It is therefore an object of this invention to provide an apparatus for dispensing hemostatic clips which is simple and easy to use, without need for reloading after each clip is placed.
It is therefore a further object of this invention to provide a magazine for rapidly dispensing a plurality of hemostatic clips along an incision edge.
It is another object of this invention to provide an apparatus which is both sterilizable and disposable.
Broadly, the subject of this invention is a clip dispenser and its method of use, which has a magazine capable of holding and orienting a number of clips such that when advanced toward the distal end of the magazine, the jaws of said clips will be opened. At the distal end of the magazine there are guides which gather the scalp incision edge to be clipped. The opened clips are advanced toward the distal end of the magazine by conveying means. Further advancement positions the distal clip on the guides. The final step in clip placement occurs as the distal clip is pushed into position on the scalp incision edge by the next clip in line. When the distal clip is forced off the guides onto the scalp edge, the next clip is automatically positioned on the prongs, ready for its successive application to the scalp incision. The flesh is engaged between the now closed clip jaws, achieving hemostasis along the incision edge.
In one of the preferred embodiments, the magazine has a channel with a bottom surface and two side walls. Attached to each sidewall is a wedge. When the magazine is loaded, the wedges are positioned between the two opposing surfaces of the clip. At the distal end, the wedges' width is substantially equivalent to the width of the guides so that the clips can be pushed toward and onto the guides for clip placement. Conveying means are used to exert a force on the last clip, closest the near end, in the direction of the guides. This force is then transferred from clip to clip, as the jaws at the front of the clip successively impart force to the rear face of the next clip. The methods which are the subject of this invention involve the use of the improved apparatus to close an incision, inducing hemostasis at the incision edge. Guides or bridges are used to gather the flesh member along the incision edge. The clip is directed towards and past the bridge which forces the clips to engage the flesh member between its now closed jaws. The process can be repeated along both of the incision edges thereby implanting a series of hemostatic clips along the edges to completely close the incision during a surgical procedure.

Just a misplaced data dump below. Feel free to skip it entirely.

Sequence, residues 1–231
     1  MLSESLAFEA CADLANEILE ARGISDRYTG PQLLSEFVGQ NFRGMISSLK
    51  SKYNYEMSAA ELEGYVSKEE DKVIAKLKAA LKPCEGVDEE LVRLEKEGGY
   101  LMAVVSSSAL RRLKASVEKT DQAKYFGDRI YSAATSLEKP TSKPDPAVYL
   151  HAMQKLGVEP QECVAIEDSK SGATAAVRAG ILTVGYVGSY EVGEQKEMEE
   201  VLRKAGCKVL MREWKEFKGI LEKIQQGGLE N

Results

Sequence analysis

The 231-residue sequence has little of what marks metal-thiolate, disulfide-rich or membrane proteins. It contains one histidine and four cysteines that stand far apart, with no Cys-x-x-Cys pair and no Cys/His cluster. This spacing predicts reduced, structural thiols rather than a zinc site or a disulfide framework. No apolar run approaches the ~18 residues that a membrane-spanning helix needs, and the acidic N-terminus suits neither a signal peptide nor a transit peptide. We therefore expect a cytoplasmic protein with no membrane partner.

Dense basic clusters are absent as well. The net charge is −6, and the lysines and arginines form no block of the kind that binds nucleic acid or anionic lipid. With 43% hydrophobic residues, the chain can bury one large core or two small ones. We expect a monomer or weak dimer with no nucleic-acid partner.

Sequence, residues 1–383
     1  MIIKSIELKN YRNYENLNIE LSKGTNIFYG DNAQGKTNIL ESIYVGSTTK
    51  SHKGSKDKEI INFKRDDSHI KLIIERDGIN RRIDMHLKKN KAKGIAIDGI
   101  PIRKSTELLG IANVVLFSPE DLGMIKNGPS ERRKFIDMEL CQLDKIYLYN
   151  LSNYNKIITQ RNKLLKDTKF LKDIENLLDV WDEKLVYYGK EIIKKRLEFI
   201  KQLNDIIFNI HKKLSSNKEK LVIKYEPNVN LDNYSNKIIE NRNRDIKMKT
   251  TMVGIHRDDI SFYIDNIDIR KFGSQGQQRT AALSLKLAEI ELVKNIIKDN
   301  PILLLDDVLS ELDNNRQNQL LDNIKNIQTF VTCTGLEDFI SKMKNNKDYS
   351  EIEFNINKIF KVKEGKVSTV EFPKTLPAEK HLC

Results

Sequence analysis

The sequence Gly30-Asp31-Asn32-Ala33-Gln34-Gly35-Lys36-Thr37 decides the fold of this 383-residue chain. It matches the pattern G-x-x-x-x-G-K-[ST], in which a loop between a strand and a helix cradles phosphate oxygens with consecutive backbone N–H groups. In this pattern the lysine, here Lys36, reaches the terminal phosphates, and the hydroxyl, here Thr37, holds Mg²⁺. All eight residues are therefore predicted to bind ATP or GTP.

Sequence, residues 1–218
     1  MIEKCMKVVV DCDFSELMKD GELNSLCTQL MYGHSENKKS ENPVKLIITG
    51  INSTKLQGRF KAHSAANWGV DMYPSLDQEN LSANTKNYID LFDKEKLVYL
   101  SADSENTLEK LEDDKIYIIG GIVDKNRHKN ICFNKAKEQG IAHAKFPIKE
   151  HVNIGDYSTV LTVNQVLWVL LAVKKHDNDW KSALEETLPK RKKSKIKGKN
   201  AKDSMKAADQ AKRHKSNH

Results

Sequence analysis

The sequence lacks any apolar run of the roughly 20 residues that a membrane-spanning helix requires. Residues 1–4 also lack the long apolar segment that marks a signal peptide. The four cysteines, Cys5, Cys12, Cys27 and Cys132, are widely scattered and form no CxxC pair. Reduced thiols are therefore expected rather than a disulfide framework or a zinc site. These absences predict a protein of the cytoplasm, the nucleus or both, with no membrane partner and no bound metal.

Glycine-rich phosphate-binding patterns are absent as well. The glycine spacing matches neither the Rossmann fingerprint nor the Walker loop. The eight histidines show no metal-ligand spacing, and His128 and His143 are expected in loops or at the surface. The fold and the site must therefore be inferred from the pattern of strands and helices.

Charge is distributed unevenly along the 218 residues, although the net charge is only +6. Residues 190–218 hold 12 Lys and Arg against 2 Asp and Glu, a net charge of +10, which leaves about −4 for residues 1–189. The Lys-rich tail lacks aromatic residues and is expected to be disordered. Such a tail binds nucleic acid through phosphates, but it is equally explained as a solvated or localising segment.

FIG. 1 is a perspective view of a scalp hemostatic clip dispenser.
FIG. 2 is a perspective view of the scalp hemostatic clip.
FIG. 3 is a fragmentary plan view of the guide end of the scalp hemostatic clip dispenser.
FIG. 4 is an elevational section taken along the line 4--4 in FIG. 3.